Our Training and Recreation program is divided up into three levels, each named after a line on Boston’s T: the Red line, Green line, and C Team (T-Wrecks). As skaters progress, they move up each level and learn new roller derby and skating skills. To help prospective skaters get a sense of our program, we asked current Redline skater Kat Setzer if she would keep a blog as she goes through the program. Here’s her first entry.
Last week, I helped out at Boston’s introductory skating clinic—prospective skaters have to attend a few before joining TRT. It makes me a little nostalgic, even though I only started with the Training and Recreation program (TRT) back in November. I think often back to those days of yore, when I first bought my skates and called my mother, who responded: “Are you in cahoots with an orthopedic surgeon or something?” (To her credit, I’d called her a few weeks before to tell her I was thinking of trying to pull a truck.)
Now, meeting the new Boston recruits, it’s interesting to see who thinks this will be the sport for them. Roller derby players can come from just about anywhere: There are teachers and personal trainers and computer programmers, moms and people who hate children and cat ladies, girls with tattoos and girls with pigtails and girls with tattoos and pigtails. Etc.
New skaters—myself included—often worry about how much experience they need to get involved with BDD. Turns out, not a lot. After all, most of us didn’t play roller derby as wee lasses. The modern version of our sport is just about ten years old; it’s unlikely to see it in a college or well-funded school program. As such, most players don’t come in with a competitive edge unless they transferred from another roller derby league or have some sort of skating background.
For me, derby was a sport I could get involved in specifically because of its relatively level playing field. I didn’t feel like I could jump into a different recreational sport, where no doubt many had been playing their sport of choice since their Underoo days.
To give you some perspective, a little under a year ago I strapped on a pair of quad roller skates for the first time in ages. No, I wasn’t one of those people who “hasn’t skated in ages” but rollerblades everywhere: The last time I touched a pair of quads, I was fifteen and convinced I could become an aggressive skater by going in circles around the cul-de-sac where my family lived. (Reality: I ran into a lot of garage doors.)
Last summer, some friends decided to attend a Boston bout up at Shriners auditorium, and I went along. And if you’ve ever been to a Boston bout, you’ll know: It’s easy to get hooked on roller derby. It’s a sport for all shapes, all sizes, and built from the ground up by women.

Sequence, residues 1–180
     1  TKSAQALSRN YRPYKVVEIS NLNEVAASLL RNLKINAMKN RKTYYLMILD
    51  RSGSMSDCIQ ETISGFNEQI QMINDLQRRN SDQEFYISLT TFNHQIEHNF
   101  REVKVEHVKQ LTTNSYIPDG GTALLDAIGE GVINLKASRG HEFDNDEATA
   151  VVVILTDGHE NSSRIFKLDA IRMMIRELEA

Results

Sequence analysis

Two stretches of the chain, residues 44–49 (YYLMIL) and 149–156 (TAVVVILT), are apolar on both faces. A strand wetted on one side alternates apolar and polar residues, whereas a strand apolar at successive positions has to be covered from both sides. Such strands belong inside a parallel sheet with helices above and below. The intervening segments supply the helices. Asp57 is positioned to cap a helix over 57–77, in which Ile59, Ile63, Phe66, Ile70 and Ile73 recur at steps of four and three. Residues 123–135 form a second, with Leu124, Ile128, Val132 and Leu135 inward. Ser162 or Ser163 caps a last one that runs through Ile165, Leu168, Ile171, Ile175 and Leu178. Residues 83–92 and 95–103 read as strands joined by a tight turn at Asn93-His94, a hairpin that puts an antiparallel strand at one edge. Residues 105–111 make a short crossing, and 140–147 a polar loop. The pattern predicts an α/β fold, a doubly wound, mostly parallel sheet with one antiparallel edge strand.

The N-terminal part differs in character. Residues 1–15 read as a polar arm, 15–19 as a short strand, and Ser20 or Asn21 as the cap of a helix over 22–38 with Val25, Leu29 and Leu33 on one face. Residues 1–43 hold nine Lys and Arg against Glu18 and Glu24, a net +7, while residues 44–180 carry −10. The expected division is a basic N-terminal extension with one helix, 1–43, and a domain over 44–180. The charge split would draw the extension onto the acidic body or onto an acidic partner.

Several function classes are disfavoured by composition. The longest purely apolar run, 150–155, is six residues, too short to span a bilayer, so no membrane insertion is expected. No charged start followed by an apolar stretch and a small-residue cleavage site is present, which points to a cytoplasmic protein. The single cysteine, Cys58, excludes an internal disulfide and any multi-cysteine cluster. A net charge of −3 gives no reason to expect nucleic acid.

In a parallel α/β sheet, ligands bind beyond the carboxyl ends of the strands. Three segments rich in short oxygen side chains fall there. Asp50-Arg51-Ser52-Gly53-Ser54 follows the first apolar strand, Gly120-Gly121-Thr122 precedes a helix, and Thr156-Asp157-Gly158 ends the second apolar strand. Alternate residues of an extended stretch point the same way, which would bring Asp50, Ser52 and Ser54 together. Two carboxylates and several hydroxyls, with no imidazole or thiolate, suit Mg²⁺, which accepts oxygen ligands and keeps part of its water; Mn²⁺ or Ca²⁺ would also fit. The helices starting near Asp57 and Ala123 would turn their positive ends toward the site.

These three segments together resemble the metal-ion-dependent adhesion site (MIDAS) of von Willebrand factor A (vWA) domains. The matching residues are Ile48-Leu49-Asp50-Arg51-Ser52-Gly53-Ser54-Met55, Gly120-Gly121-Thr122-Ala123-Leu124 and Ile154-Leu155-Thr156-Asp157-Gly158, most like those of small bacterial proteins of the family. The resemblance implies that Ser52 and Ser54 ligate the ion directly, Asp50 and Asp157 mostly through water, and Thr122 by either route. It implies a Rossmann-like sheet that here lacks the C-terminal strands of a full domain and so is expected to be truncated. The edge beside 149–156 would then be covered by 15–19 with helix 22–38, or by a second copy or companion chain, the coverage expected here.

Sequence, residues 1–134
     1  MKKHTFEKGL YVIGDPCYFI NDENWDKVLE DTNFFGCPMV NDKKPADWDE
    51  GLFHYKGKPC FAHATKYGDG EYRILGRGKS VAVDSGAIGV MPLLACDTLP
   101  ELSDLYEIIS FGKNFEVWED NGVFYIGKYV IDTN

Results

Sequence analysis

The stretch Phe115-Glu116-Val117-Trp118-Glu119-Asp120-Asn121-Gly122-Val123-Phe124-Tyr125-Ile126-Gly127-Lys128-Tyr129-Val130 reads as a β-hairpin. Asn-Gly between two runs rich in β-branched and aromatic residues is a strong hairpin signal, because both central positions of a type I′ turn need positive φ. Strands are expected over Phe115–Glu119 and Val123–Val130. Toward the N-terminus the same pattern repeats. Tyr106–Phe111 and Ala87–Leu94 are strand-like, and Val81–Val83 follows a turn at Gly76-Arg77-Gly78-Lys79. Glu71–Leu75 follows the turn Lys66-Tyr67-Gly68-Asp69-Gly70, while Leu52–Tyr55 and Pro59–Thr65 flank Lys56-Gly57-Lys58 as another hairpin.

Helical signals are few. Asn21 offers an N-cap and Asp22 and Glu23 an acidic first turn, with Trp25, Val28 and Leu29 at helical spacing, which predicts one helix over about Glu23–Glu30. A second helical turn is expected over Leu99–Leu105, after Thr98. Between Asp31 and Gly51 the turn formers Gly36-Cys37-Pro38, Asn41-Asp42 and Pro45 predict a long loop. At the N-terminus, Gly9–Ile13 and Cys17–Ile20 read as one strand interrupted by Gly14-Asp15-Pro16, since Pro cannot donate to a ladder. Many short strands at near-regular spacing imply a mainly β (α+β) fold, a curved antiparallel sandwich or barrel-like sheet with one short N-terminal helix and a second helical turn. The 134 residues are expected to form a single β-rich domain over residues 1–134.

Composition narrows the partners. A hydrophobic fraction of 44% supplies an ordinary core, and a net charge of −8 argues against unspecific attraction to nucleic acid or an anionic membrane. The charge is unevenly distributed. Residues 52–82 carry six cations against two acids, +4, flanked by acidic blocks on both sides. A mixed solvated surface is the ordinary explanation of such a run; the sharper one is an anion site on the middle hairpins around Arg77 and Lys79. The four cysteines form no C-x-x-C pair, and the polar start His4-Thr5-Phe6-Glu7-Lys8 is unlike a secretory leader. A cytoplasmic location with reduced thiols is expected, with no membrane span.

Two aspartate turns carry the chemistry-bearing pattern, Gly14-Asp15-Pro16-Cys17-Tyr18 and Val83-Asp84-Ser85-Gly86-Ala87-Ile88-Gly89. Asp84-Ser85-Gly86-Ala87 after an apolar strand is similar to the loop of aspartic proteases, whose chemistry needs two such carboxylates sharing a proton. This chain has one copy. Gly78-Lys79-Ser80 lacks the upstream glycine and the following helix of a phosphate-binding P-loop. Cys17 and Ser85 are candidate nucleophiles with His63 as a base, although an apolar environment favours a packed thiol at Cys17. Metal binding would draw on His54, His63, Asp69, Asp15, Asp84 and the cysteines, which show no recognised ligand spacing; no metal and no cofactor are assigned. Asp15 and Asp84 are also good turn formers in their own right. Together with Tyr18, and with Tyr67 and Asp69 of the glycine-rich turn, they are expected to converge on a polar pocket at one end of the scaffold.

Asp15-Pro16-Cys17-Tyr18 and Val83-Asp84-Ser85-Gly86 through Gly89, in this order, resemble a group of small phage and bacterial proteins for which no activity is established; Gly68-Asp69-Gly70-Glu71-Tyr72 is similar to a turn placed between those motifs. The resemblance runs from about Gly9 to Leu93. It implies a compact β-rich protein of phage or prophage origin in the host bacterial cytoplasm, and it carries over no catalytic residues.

Soon, a work friend and I were wobbling around on brown and orange rental skates at a rink straight from my Barbie-skates childhood: black lights, constellations painted on the walls in neon colors, children dodging every which way, carrying some sort of plastic blinking choking hazards in their mouths.
Boston’s TRT program accepts new skaters every three months. By the time the next recruitment cycle opened, I could get around the rink one full revolution without falling. That was enough to get me on the Redline path, and so my derby career began.
At the clinic last weekend, I watched and helped our coaches take skaters through basic skills (falling, stopping, etc) to assess their safety and help new recruits see what an average practice is like. Usually, the coaches take most everyone from the clinic into the program, though they may occasionally ask someone who can’t stand on their skates to take a couple months, get comfortable at a roller rink, and re-apply during the next cycle.
Once accepted, recruits begin a three-month training cycle in Red or Greenline. In Redline, you work on basic skating skills as well as on agility, endurance, and learning to skate as a group. Just like any skill, some people take to skating right away; others have a bit more difficulty. That’s why coaches assess skaters at the end of the three-month cycle, to see if they’ve progressed enough to start learning the contact and derby skills required for scrimmaging (read: hitting and being hit). Some are, some aren’t. But that’s okay! If your basic skills aren’t quite up to snuff, you can always stay in Redline for another session. I did, as did several friends in my class. And not only have I learned a lot the second time around, but I now can help newer Redline skaters on the skills I do feel confident with.
That’s what TRT is: a place to learn, feel comfortable, and help our peers. Our coaches want us to push ourselves, but it’s all relative: You don’t have to be as good as a former speed skater or lifetime rollerblader to play roller derby. You just have to want to skate.
NEXT TIME: Kat writes about gear, and an average day at Redline practice.